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Medford students excelled in math competitions

Medford students excelled in math competitions Medford students excelled in math competitions

Things were adding up well for Medford Area Senior High’s math team when the coronavirus pandemic halted its progress before the season’s third and final meet.

Competing amongst about 1,200 students in the Central Math League, which is based out of Stevens Point, Medford was sitting in second place in Division 2 of the four-division league. Medford had 859 team points, trailing first-place Lakeland (928) and leading third-place New London (791).

“The math league is designed such that students participating in each category should be enrolled in that corresponding class at that school,” MASH math team coach and teacher Brad Borchardt said. “For example, a student in calculus can’t be on the geometry team. The writers of the tests try to include content that the students might be concurrently learning in their high school course. Even though the topics might be similar, the thinking each problem requires usually takes some creativity or processes different than the students are accustomed to in their school homework.”

Teams enter four students in three different categories –– geometry, algebra and advanced math –– for a total of 12 students in that particular meet. The top three scores in each category are used to determine a team’s total score for the day.

Medford’s team score was 429 in meet one, held in November, and 430 in meet two, held in January. Meet three would have been held in April. Lakeland was the Division 2 winner in both meets with scores of 470 and 458. New London edged Medford for second in meet one, 455-429.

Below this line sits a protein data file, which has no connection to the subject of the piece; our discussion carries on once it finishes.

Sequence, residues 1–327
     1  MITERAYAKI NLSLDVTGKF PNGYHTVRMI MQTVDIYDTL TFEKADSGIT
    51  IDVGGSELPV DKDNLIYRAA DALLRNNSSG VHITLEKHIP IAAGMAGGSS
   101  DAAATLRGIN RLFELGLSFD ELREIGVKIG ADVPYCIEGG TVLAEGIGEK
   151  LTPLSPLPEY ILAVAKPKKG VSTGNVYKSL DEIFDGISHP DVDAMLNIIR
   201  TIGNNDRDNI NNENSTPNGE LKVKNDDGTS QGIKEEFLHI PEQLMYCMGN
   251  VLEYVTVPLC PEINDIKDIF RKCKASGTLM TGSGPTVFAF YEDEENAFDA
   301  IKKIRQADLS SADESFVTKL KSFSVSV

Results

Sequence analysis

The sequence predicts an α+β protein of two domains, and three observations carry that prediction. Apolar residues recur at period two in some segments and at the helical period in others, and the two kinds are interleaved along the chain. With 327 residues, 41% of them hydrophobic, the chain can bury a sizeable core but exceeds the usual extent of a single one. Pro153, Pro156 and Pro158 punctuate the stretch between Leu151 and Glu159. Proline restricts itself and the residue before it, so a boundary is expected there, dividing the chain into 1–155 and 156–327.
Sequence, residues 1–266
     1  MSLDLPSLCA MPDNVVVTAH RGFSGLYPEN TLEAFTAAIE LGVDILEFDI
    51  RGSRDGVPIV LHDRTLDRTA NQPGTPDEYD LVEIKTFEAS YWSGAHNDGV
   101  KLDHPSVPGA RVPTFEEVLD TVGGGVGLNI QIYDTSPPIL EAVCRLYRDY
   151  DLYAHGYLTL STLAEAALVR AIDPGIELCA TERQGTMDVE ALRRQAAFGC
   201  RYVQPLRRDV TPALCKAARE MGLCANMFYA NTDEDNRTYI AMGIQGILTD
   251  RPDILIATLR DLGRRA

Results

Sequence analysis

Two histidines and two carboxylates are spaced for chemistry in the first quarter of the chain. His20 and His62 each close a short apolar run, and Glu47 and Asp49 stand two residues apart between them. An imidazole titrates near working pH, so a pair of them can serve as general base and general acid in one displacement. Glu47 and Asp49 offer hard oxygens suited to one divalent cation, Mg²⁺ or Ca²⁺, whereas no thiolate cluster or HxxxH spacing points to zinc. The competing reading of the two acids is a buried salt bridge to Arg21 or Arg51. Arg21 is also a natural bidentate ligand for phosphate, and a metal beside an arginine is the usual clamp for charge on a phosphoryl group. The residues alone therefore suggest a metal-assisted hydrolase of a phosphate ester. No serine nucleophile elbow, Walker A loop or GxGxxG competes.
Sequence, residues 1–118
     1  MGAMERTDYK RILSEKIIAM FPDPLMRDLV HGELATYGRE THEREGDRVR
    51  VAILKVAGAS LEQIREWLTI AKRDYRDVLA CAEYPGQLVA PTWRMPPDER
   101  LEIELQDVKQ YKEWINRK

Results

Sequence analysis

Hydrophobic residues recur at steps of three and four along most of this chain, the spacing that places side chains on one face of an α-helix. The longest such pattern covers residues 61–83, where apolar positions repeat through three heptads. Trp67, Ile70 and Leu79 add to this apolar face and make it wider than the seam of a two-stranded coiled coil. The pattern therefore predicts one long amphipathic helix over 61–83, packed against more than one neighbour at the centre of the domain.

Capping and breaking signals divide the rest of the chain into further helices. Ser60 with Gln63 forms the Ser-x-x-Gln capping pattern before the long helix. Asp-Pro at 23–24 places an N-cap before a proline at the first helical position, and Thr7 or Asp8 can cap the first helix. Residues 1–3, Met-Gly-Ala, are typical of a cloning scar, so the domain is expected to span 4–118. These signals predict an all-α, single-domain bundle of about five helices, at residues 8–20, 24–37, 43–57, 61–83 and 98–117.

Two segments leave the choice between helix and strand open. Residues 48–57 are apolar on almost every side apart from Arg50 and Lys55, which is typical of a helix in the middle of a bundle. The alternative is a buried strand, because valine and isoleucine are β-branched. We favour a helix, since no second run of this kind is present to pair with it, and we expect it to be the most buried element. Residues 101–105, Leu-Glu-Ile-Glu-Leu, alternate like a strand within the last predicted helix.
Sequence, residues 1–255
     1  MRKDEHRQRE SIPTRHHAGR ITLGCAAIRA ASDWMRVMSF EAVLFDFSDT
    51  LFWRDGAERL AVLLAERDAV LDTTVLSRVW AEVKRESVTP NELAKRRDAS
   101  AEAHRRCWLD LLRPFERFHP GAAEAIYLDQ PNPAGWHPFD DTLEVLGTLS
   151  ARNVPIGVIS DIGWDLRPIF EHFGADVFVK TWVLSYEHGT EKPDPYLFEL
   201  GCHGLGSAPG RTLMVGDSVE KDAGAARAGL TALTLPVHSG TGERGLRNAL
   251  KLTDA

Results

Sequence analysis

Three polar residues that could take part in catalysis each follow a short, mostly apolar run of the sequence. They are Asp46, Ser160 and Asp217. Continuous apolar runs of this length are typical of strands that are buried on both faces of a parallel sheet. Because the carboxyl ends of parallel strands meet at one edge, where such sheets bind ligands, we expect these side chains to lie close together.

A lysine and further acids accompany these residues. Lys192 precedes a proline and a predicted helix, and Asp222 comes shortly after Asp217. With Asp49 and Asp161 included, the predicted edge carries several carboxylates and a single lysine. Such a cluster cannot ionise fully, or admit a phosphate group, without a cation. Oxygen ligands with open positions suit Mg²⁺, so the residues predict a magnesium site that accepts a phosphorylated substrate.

Geometry has been a strong point for the Raiders with 193 points in meet one and 145 points in meet two. In the first meet, Allison Dew was the highest scoring student out of 41 Division 2 entrants with a score of 72. She was fourth overall out of 191 geometry competitors. Garret Venzke earned a score of 62 to place sixth in the division, Braxton Crabb was seventh at 59 and Saskatoon Damm was eighth at 57.

The geometry problems got more challenging in meet two, but Medford still did well, led by Crabb’s score of 60, which was first among 42 Division 2 entrants. Damm’s 45, Venzke’s 40 and Dew’s 30 kept them among the league leaders. Damm was third in the division in that meet and Venzke was fourth.

Crabb wound up winning the division’s individual title with 119 total points, while Dew, Venzke and Damm all tied for fourth with 102.

Medford took a big jump from meet one to meet two in algebra, going from 94 points to 132. Martha Miller posted a score of 50 in the second meet to place third out of 42 entrants. With her twomeet total of 80, she ranked sixth out of 53 students in Division 2. Reilly Nutting finished one spot ahead of Miller cumulatively with 82 points. He was at 34 in meet one and bumped up to fifth place in the second meet with a 48. Nickolas Frenzel had 64 points to finish 15th in the division after scores of 30 and 34. Katie Lybert was 14th in meet two with a 34. Autumn Krause competed in meet one.

In advanced math, Medford earned team scores of 142 and 153. Aidana Kaukenova went from a 38 to a 55 for a total score of 93 and finished 10th out of 55 Division 2 students in the final standings. Kaleb Voight earned a 58 in meet two, which was good for ninth out of 40 students that day. Borchardt entered Voight as an alternate in meet one and Voight earned a 66 that would have put him in the top 10 overall.

Carlos Herrada finished 12th in the final standings with scores of 54 and 35 for a total of 89. Kiersten Crass was 12th in meet one with her score of 50. Preston Pope placed 14th in the cumulative standings with 78 points. He earned scores of 38 and 40. Lybert (30) and Chloe Werner (27) competed as alternates in meet one, while Werner (40), Krause (38) and Jake Cipar (31) were advanced math alternates in meet two.

In all, Borchardt said about 30 students are involved with the team.

“The kids are so talented and deserve great praise for not only their ability, but also their work ethic and their grit in working through challenging problems,” Borchardt said.